Pottery has a long history as a tool for self-expression and a method of self-care. Whether your relationship to ceramics is placing your muddy hands around a spinning mound of clay, or your clean hands around a mug of tea, you’ve experienced the therapeutic qualities of pottery.
In throwing and firing the earth’s clay, humans have used the same techniques for thousands of years. In the resurgence of handmade clay art in the twentieth century, called the Studio Pottery Movement, artists emphasize the timelessness of their ceramic making process. These artists explored the beauty in clay’s dichotomy between solidity and fragility. Ceramics are sturdy, comforting, and of the earth, but they are also easily broken and needing care. Potters can toy with this paradox producing ceramics with appealing roundness that begs to be touched, but by pushing clay so thin that it can easily be broken.
Clay leaves the literal impression of an artist’s fingerprints, but also can capture the artist’s emotions and intentions. Some pottery communicates warmth, peace, and balance through earthy tones and soft edges, like Katherine Choy’s Double Spout Vase in NOMA’s collection. Alternately, in the mid-twentieth-century, pioneering artist Peter Voulkos ushered in a different side of expression through clay. His inverted stacked vessels like NOMA’s Big Ed convey honest human aggression with a jagged, scarred clay surface that reveals aggressive handling and ash from the kiln-firing process.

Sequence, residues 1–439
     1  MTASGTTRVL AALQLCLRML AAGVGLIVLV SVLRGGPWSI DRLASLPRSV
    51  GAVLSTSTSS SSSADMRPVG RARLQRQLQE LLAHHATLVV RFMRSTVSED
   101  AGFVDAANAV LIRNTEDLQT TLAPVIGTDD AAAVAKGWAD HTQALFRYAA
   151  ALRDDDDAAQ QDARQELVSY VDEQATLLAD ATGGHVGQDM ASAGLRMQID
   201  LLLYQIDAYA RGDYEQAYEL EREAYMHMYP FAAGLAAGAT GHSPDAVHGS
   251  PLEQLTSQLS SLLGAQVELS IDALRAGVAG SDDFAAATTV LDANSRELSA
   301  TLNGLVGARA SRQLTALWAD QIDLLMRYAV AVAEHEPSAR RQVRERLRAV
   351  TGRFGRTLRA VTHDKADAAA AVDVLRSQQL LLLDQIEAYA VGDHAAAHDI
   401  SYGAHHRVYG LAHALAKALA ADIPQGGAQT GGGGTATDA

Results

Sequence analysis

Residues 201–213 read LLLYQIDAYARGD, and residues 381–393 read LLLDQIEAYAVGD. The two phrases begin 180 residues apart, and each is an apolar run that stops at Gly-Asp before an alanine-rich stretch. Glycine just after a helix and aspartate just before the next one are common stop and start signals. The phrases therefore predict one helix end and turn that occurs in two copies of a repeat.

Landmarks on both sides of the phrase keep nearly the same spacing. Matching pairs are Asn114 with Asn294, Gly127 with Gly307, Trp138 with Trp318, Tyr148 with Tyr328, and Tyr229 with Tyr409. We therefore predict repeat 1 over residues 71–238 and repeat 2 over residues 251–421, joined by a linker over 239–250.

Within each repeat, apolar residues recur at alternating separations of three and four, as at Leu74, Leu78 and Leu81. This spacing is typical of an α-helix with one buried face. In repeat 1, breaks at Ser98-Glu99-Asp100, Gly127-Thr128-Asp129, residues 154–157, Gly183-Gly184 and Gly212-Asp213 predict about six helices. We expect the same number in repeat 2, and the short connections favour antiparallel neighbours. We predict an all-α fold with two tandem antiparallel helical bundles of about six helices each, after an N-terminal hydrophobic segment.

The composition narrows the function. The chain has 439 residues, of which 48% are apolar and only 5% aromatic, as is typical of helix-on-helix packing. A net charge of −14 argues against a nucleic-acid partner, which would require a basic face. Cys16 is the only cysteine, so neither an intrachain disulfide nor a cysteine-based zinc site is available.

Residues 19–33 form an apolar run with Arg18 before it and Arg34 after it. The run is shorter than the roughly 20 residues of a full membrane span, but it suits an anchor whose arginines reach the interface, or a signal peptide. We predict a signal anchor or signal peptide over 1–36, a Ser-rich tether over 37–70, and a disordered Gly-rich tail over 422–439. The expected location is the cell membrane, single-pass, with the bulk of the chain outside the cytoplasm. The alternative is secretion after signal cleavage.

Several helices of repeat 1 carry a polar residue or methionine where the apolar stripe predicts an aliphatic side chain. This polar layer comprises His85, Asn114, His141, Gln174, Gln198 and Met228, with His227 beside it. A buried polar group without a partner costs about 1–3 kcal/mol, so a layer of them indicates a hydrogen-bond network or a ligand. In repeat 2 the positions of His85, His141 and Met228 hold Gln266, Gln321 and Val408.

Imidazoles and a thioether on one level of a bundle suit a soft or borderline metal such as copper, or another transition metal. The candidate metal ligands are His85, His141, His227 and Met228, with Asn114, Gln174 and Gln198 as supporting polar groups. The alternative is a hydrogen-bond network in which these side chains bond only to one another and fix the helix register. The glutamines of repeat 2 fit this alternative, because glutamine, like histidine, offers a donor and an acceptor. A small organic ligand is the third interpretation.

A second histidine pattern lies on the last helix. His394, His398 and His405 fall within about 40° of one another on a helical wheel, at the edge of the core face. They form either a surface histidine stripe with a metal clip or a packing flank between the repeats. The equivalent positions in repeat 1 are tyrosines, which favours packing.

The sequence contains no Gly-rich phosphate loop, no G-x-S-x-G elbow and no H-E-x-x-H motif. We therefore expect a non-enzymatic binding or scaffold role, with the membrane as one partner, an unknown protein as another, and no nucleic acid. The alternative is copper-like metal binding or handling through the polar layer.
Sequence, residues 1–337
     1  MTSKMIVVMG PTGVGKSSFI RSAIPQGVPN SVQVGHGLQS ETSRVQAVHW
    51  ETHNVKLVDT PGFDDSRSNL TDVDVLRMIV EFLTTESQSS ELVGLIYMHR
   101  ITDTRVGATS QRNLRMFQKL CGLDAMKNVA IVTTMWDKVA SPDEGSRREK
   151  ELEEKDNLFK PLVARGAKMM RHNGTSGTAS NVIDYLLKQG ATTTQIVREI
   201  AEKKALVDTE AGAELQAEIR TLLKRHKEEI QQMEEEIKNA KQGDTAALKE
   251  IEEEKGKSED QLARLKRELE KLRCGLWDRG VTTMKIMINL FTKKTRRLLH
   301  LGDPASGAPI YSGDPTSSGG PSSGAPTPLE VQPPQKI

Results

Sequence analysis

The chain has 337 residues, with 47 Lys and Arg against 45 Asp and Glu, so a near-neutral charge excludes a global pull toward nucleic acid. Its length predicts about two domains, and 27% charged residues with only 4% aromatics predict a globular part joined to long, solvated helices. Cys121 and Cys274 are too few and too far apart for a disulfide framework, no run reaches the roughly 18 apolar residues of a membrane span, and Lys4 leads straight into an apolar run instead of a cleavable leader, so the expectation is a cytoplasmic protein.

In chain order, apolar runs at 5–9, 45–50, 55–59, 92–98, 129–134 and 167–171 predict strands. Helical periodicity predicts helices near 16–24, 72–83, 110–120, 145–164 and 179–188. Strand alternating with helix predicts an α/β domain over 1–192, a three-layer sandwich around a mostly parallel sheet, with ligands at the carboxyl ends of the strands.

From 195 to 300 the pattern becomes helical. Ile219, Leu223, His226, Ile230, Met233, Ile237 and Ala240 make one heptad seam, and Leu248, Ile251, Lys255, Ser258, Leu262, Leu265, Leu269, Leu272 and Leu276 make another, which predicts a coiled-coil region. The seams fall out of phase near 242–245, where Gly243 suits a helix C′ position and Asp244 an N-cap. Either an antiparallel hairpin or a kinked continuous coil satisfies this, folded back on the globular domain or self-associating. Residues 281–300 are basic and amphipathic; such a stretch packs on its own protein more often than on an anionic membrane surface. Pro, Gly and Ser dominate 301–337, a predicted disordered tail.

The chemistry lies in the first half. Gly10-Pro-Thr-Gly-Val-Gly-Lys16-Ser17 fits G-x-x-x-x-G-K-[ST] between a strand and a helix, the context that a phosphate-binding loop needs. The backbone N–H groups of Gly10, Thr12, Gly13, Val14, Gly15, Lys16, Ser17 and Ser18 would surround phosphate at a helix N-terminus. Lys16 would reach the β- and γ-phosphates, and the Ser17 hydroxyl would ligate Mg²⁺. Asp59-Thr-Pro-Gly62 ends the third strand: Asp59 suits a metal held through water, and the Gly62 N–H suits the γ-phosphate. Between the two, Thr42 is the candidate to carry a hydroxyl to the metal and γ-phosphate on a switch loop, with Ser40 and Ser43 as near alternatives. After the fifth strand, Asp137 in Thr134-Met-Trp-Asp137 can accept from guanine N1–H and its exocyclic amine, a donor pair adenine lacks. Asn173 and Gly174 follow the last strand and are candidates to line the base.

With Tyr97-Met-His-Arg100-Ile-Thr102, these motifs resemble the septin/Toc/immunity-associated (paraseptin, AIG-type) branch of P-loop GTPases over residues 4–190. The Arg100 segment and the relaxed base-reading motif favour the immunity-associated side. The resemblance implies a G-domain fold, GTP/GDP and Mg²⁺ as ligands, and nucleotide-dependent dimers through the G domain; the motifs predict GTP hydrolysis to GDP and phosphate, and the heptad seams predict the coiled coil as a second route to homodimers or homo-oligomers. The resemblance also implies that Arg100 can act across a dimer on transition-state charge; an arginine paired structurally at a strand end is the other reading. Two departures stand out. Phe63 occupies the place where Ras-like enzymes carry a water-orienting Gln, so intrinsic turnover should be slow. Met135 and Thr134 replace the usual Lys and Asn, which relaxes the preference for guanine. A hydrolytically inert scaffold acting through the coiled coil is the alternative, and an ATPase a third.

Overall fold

Expressive ceramics can be rough or refined, a comforting form or a wild experimentation, but the final result communicates the potter’s direct process of transforming clay through a mental, sensual, and physical experience. Whether throwing pots on a wheel or enjoying our morning coffee cup, we are part of the continuum, calmed through pottery’s timeless connection to the Earth.
—Mel Buchanan, RosaMary Curator of Decorative Arts & Design
To learn more about American Studio Pottery, purchase Personalities in Clay: American Studio Ceramics from the E. John Bullard Collection from the NOMA Museum Shop.
Virtual programs at NOMA are made possible in part by a major grant from the National Endowment for the Humanities. Any views, findings, conclusions, or recommendations expressed in this article do not necessarily represent those of the National Endowment for the Humanities.
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